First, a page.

Although I like the overall message, I was questioning the statistics as I was watching it.  The presentation is awesome, the content easy to follow.  Again, the overall message here is a good one, but I have a few things to discuss and challenge.

The big picture of stuff. The message here is that we, as Americans, are abusing our planet, taking advantage of the disadvantaged and that we have all fallen victim to materialism.  On many levels, this is true, but some of the statistics seemed a little off to me.  After a bit of research on this video, I found they are using it in schools to teach children about materialism and “stuff”.  I’m not opposed to that at all, but this video is not just creating awareness, it’s trying to impose a guilt trip, and as Fox News stated, “Other critics have called it a “firehose of paranoia” meant to scare children into becoming environmental activists. They say the video romanticizes poverty in its attack on industrial nations and corporations.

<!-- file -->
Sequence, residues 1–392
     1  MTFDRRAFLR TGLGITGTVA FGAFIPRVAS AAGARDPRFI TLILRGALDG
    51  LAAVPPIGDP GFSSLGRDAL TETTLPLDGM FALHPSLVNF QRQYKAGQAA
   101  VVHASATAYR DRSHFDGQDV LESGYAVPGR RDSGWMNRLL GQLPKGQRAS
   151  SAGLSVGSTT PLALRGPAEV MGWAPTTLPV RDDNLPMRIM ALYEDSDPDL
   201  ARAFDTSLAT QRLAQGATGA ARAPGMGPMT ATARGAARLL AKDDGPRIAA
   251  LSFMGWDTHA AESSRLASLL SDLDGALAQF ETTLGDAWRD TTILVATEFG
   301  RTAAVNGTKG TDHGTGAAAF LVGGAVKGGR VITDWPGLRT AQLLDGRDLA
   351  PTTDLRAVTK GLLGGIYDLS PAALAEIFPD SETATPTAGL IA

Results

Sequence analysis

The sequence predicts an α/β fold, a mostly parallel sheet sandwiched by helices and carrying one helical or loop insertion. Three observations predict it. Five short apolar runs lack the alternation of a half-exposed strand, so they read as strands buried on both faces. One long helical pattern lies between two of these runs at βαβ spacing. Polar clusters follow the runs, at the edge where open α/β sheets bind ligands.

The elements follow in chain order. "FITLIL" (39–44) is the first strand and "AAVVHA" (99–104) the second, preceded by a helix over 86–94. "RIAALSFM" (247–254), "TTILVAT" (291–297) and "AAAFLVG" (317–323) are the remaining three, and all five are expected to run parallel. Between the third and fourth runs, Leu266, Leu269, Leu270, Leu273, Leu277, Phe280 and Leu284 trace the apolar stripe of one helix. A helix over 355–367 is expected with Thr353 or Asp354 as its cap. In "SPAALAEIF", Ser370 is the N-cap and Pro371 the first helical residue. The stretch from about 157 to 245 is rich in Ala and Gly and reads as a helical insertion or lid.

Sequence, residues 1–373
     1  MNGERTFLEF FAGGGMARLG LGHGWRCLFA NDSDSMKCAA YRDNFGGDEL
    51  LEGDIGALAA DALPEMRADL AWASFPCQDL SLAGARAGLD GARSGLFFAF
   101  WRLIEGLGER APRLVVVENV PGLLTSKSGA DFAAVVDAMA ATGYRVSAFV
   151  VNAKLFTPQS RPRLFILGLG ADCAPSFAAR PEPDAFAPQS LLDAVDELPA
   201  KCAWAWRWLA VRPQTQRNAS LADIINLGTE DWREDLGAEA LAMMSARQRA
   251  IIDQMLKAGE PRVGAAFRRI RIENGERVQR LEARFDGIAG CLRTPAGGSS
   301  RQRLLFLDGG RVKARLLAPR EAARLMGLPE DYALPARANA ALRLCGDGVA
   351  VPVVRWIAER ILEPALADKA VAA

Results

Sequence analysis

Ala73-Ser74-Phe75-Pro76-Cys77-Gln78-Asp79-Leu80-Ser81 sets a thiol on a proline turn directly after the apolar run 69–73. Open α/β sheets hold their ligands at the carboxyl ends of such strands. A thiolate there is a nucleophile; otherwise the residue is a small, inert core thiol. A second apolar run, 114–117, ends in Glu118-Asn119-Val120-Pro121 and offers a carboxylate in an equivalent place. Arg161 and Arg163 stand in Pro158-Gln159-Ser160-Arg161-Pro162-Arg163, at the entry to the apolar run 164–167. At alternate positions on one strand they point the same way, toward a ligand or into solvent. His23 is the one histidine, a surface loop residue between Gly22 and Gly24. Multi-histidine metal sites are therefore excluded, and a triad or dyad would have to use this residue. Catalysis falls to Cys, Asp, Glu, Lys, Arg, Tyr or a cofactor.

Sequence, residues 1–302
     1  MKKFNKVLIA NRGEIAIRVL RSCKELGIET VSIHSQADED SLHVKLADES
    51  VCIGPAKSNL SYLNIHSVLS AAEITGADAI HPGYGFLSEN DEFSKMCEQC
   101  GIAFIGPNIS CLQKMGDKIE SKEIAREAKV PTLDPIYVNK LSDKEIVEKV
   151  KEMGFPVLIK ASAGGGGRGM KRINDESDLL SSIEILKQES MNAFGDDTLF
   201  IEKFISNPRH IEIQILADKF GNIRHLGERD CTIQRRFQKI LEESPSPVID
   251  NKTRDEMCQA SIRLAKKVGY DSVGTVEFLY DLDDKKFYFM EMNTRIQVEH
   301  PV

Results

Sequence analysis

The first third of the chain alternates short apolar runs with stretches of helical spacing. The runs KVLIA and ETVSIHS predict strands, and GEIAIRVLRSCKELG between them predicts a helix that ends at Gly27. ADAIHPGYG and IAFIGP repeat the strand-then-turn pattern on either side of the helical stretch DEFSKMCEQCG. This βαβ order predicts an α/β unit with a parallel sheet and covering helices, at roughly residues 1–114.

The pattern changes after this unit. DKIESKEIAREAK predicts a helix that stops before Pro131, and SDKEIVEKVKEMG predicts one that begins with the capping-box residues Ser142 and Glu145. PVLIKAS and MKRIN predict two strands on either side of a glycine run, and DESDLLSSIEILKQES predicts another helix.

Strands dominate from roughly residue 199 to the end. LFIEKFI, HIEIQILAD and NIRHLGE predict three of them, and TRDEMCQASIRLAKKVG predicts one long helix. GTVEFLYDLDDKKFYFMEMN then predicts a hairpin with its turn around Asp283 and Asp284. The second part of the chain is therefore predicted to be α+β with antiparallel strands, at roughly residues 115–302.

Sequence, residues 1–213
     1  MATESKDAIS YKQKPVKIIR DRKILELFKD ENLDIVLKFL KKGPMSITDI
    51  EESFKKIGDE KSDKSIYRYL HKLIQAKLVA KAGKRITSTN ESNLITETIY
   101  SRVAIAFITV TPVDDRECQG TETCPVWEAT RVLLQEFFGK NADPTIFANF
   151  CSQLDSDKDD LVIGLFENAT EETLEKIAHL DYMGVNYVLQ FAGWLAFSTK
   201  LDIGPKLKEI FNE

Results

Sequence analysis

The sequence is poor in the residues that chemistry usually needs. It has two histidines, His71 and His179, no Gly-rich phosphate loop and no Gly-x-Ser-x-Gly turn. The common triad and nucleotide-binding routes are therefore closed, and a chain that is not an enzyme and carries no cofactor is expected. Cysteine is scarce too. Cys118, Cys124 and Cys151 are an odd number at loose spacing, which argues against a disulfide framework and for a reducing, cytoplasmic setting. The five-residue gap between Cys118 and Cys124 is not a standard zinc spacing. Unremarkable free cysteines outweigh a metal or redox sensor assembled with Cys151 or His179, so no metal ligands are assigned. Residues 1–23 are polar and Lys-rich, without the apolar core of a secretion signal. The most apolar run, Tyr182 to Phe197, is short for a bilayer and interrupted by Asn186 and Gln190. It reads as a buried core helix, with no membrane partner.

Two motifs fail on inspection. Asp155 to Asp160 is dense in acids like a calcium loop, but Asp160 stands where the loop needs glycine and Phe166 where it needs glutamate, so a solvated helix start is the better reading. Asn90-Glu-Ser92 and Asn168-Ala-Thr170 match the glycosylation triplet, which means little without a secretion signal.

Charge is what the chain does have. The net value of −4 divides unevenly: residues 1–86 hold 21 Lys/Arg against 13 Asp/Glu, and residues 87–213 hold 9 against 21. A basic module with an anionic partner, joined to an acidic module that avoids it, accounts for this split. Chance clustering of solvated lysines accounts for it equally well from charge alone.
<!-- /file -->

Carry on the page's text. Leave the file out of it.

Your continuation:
I hope we’re teaching our kids to watch something like this and process it in a healthy way, as they should do with everything.  My kids question things, think about everything they take in, and sometimes have a viewpoint that even I haven’t thought of.  This video’s overall message is a good one, and unfortunately, it does paint an accurate “big picture” of our wasteful society.  The reason I say that, is because this video could be remade without all the statistics, showing both sides of the message about consumerism.  That’s a hint for my idea…   Continue reading


Dec 27 2010

A post Christmas story of be longing [flashback]

This was written 4 days after Christmas last year on my blog iembracechaos.com.